Last reviewed by Dr. Raj MD on January 12th, 2022.
What is Epidermodysplasia verruciformis?
It is an autosomal recessive genetic skin disorder with a classic manifestation of wart-like lesions that grow in various parts of the body. It is caused by the human papillomavirus (HPV).
People with epidermodysplasia verruciformis have an impaired immune response to human papillomavirus. The skin lesions of epidermodysplasia verruciformis could develop into skin cancers, especially when exposed to the extreme heat of the sun for a long period of time. (1, 2, 3)
Epidermodysplasia verruciformis Pictures
Image 1: A classic manifestation of a person with epidermodysplasia verruciformis.
Photo Source: image.slidesharecdn.com
Picture 2: A person with a mild case of epidermodysplasia verruciformis.
Image Source: www.healthline.com
Who is prone to Epidermodysplasia verruciformis?
It is an autosomal recessive genetic disorder. In order for you to have the disease, you need the abnormal EV genes of both parents, thus, making the disease extremely rare. Although it is rare, epidermodysplasia verruciformis affects both men and women equally.
It also affects all races. Those who have a family history of Epidermodysplasia verruciformis are susceptible. People with HIV, cancer of the lymphatic system, taking immunosuppressive drugs, and have undergone a transplant are prone to Epidermodysplasia verruciformis. (3, 4)
Epidermodysplasia verruciformis is a genetic/inherited condition in which both parents have abnormal EV genes for the condition to be passed on to their children. Most cases of epidermodysplasia verruciformis are sporadic, during the sperm or egg formation, which can be passed on to offspring. (3, 4)
Epidermodysplasia verruciformis symptoms
Epidermodysplasia verruciformis symptoms can develop at any age, although it commonly appears by the time the patient reaches puberty. The classic manifestation of EV is the wart-like lesion that looks like a flat-topped papule characterized by its pinkish to violet color.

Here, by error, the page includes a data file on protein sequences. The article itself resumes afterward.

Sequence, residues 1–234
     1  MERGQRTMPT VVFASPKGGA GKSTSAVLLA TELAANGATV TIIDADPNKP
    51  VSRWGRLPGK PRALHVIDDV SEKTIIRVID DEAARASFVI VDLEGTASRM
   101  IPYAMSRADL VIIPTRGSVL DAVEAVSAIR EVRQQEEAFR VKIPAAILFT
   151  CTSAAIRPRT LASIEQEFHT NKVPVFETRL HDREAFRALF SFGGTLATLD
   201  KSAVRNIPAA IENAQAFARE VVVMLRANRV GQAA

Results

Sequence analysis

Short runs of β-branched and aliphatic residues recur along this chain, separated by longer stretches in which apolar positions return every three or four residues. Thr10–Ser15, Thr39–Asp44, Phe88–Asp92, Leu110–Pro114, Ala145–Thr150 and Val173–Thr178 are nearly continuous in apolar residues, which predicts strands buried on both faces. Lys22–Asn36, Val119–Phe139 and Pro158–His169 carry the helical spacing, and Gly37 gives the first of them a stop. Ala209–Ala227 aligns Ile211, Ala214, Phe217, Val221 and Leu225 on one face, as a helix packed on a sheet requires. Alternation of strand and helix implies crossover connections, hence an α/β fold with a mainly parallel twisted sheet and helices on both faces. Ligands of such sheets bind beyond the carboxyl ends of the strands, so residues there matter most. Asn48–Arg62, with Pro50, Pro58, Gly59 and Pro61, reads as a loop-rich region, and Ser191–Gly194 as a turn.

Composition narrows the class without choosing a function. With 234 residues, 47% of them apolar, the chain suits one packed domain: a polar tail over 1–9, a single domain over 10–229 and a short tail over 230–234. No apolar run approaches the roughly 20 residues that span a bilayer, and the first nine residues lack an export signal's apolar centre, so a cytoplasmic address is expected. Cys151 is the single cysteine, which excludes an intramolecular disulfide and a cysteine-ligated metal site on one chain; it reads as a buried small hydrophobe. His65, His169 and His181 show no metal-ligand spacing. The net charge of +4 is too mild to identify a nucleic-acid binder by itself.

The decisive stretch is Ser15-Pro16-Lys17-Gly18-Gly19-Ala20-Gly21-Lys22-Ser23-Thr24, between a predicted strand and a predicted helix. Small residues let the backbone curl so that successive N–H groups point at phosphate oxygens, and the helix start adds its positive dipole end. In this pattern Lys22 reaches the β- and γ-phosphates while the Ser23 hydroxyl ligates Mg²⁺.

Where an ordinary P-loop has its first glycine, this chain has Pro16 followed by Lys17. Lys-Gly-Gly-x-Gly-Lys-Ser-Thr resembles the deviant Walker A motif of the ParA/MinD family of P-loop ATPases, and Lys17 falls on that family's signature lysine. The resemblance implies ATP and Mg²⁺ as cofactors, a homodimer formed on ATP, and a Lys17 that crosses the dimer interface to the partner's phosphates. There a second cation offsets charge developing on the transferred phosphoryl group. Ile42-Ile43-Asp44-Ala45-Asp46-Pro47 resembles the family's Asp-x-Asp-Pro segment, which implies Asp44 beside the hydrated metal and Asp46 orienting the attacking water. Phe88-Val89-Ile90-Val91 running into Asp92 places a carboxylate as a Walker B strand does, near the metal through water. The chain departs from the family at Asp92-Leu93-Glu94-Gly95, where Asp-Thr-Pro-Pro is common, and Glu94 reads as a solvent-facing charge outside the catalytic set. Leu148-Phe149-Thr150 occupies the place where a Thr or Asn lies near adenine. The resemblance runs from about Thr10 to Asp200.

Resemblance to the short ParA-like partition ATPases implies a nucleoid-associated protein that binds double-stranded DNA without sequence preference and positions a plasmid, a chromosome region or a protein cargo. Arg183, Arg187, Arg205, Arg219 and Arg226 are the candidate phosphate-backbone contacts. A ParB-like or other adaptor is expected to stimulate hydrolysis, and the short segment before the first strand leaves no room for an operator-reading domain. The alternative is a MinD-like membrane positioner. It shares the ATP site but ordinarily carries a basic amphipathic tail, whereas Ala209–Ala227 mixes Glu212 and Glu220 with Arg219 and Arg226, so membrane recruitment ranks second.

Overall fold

There are instances when the lesions clump together forming large plaques. It has scaly surface and irregular borders. Another distinct characteristic of EV lesion is the seborrheic keratosis-like lesion, which is common in sun-exposed skin.
The lesion is brown in color and slightly raised. This type of lesion is most likely to develop into cancer.
Tree-man disease/Tree-man syndrome
The lesions of EV resembles the roots and/or bark of the tree. That is why many people call it the Tree-man disease/tree-man syndrome. The patient’s body will be covered with a small cluster of warts. In severe cases, the entire body is covered with warts.
The commonly affected parts of the body are the arms, neck, trunk, palms of the hands, armpits, soles of the feet, legs, and even the external genitalia.
Clinical and histological procedures should be done to accurately diagnose the condition of the patient. The medical history, clinical manifestations, and laboratory results should also be considered.
A genetic testing registry (GTR) is done to find out the genetic components of EV. (4, 5, 6, 7)
A thorough examination of the epidermodysplasia verruciformis showed enlarged cells I the spinous layer of the skin with a distinct blue-grey inflamed cytoplasm. It is indicative of HPV infection, which is totally different than the typical type of HPV.